Have you ever said something sarcastic to a kid and realized they didn’t get it? Like this…
Me, “These sweet potatoes are terrible. You won’t like them at all.”
My daughter, “Dad! They are not! And don’t let mom hear you say that!”
Or another time, also my daughter, when she was 5. “Dad, do you love me and Jonah the same?”
Me, “No sweetheart, I love you the most.”
That timely piece of sarcasm granted me the strangest look I’ve ever gotten from my little girl before or since. And I quickly revealed the truth.
I love that. Kids believe what you tell them. And even more, they say what they mean and mean what they say. I’m not sure when they’ll grow out of that, but I wish they wouldn’t. It would save them a lot of trouble trying to fit back into it when they are old like me.
I was reminded of the sweetness of sincerity in parenting last week as my oldest son (7 yrs old) was getting ready for school. He was being an uncharacteristically twerpy pain, dawdling and pestering and skulking and not minding his tone. It wasn’t total rebellion, but eventually I got tired of correcting him and pulled him aside.
We stepped into my room and I got down on my knees and asked him if everything was all right. He said yes. I asked him if he was ok, and he said “Really, I’m fine.” I asked him if anyone were picking on him at school or if he was having trouble with any of his teachers. He said, “No, everything’s good,” and he even gave me a smile and a thumbs up.
I said, “Well, I just want you to know that you are a super kid. You are funny and fun to be around, and you’re also loving and tenderhearted, and really smart, and courageous too. You’re a caring brother to Livi and Ben and a great son to your mom and I. You really make us proud, you know that?”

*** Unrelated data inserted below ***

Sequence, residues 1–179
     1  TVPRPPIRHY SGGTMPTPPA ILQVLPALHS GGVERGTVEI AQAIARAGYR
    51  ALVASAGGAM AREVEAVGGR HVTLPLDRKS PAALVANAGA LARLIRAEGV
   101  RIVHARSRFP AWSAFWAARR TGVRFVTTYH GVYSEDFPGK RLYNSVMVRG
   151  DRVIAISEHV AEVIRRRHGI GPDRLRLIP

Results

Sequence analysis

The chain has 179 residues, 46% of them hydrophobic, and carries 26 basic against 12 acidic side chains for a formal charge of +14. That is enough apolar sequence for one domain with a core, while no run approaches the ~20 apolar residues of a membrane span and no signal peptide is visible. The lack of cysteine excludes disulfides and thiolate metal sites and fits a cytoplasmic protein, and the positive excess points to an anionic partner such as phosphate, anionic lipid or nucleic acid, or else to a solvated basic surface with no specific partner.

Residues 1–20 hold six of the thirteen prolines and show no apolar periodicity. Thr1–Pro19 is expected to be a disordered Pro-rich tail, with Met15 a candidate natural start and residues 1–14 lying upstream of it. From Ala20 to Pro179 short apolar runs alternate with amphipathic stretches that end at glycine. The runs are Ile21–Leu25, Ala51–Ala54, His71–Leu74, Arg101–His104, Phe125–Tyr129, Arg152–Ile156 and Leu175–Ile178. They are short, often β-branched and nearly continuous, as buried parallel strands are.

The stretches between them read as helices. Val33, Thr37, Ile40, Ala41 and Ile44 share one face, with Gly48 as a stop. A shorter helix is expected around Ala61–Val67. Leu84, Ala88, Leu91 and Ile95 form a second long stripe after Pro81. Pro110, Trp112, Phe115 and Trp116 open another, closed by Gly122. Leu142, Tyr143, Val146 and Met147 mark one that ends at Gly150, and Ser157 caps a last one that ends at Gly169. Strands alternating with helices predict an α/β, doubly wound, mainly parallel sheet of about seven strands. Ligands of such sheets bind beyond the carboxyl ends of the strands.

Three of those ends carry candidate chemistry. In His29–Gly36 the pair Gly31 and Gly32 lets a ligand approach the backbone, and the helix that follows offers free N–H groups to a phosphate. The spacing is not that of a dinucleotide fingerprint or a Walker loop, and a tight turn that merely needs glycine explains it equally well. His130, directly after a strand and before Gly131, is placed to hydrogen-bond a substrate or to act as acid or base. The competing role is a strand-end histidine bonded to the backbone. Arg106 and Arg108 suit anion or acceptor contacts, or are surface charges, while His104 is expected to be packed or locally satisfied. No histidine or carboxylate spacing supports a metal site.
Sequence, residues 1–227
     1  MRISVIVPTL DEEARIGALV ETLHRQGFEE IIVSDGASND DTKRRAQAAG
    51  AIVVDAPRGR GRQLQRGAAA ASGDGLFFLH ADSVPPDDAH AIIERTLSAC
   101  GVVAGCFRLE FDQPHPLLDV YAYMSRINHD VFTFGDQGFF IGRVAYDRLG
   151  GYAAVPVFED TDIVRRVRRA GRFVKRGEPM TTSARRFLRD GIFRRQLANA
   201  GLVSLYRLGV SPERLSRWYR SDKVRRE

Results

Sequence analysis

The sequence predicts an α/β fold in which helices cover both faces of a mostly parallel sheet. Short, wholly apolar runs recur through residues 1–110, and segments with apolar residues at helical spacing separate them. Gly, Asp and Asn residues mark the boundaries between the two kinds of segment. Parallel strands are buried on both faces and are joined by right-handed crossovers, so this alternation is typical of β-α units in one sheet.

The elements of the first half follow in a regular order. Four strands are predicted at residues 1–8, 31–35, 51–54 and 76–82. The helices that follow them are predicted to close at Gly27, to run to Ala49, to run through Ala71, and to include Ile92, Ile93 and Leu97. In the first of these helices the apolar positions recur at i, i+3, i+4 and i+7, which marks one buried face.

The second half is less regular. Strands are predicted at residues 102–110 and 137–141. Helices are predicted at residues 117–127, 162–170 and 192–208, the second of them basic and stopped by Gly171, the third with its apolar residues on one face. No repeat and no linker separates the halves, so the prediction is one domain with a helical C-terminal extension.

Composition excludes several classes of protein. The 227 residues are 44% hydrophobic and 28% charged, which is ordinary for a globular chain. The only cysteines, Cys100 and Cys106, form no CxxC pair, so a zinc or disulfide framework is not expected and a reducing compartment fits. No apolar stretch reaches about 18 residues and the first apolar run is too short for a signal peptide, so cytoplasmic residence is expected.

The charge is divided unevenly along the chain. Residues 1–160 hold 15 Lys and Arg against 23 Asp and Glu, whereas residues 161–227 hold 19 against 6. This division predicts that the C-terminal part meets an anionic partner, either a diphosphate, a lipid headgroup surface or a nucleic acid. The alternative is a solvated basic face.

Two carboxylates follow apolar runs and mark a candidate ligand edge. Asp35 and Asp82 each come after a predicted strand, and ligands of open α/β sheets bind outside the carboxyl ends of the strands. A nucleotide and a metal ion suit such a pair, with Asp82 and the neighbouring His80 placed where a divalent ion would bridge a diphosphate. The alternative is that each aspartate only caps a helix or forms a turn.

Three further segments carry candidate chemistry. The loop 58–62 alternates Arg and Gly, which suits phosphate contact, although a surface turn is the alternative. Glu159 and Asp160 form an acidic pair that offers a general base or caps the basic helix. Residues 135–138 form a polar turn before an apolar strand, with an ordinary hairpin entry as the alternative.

He gave me another thumbs up and left the room and totally changed. He was still all arms and legs and water-bugging everywhere, but he wasn’t going out of his way to annoy his siblings, and he was respectful and quick to obey for the last five minutes we had before we loaded up the car for school.
But honestly, about halfway through my little monologue, I almost balked. I started watching for any sign of embarrassment or reluctance to receive all that shining praise and encouragement. Even to me, it seemed like I might be going overboard… like sunlight too bright or honey too sweet, but it wasn’t. Jonah swallowed it up like tasty medicine and walked away healthier.
To recycle the metaphor, it seems like children’s eyes are still used to the brightness of total sincerity, and their eyes don’t need to adjust. They see things in full color and accept what they see as true. Sadly, we parents learned long ago not to trust the light, and to operate in more murky surroundings… In as much as we’ve grown sarcastic or conventional or we’ve learned to feel afraid or guilty or ashamed, our language has deteriorated as well. It becomes a struggle to simply speak plainly.
I almost kept from speaking some of these simple truths to Jonah because it seemed too sincere. It was a great affirmation for me that kids need to be told who they are in no uncertain terms. They speak the language of sincerity, and if I don’t drive it out of them, they may yet re-teach me.